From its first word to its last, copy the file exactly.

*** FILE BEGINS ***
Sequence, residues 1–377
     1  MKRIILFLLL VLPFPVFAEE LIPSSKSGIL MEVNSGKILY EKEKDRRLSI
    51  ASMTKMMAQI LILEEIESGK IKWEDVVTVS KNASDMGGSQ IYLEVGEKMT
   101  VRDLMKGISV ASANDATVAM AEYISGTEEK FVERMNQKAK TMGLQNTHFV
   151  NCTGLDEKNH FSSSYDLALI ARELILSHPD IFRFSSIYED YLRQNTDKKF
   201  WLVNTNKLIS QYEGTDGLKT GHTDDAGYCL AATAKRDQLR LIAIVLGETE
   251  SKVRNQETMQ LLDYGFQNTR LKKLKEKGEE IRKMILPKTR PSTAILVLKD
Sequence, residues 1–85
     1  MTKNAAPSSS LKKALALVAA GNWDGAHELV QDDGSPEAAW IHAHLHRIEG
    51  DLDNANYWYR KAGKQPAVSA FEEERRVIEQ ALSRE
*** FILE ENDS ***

Sequence, residues 1–377
     1  MKRIILFLLL VLPFPVFAEE LIPSSKSGIL MEVNSGKILY EKEKDRRLSI
    51  ASMTKMMAQI LILEEIESGK IKWEDVVTVS KNASDMGGSQ IYLEVGEKMT
   101  VRDLMKGISV ASANDATVAM AEYISGTEEK FVERMNQKAK TMGLQNTHFV
   151  NCTGLDEKNH FSSSYDLALI ARELILSHPD IFRFSSIYED YLRQNTDKKF
   201  WLVNTNKLIS QYEGTDGLKT GHTDDAGYCL AATAKRDQLR LIAIVLGETE
   251  SKVRNQETMQ LLDYGFQNTR LKKLKEKGEE IRKMILPKTR PSTAILVLKD
Sequence, residues 1–85
     1  MTKNAAPSSS LKKALALVAA GNWDGAHELV QDDGSPEAAW IHAHLHRIEG
    51  DLDNANYWYR KAGKQPAVSA FEEERRVIEQ ALSRE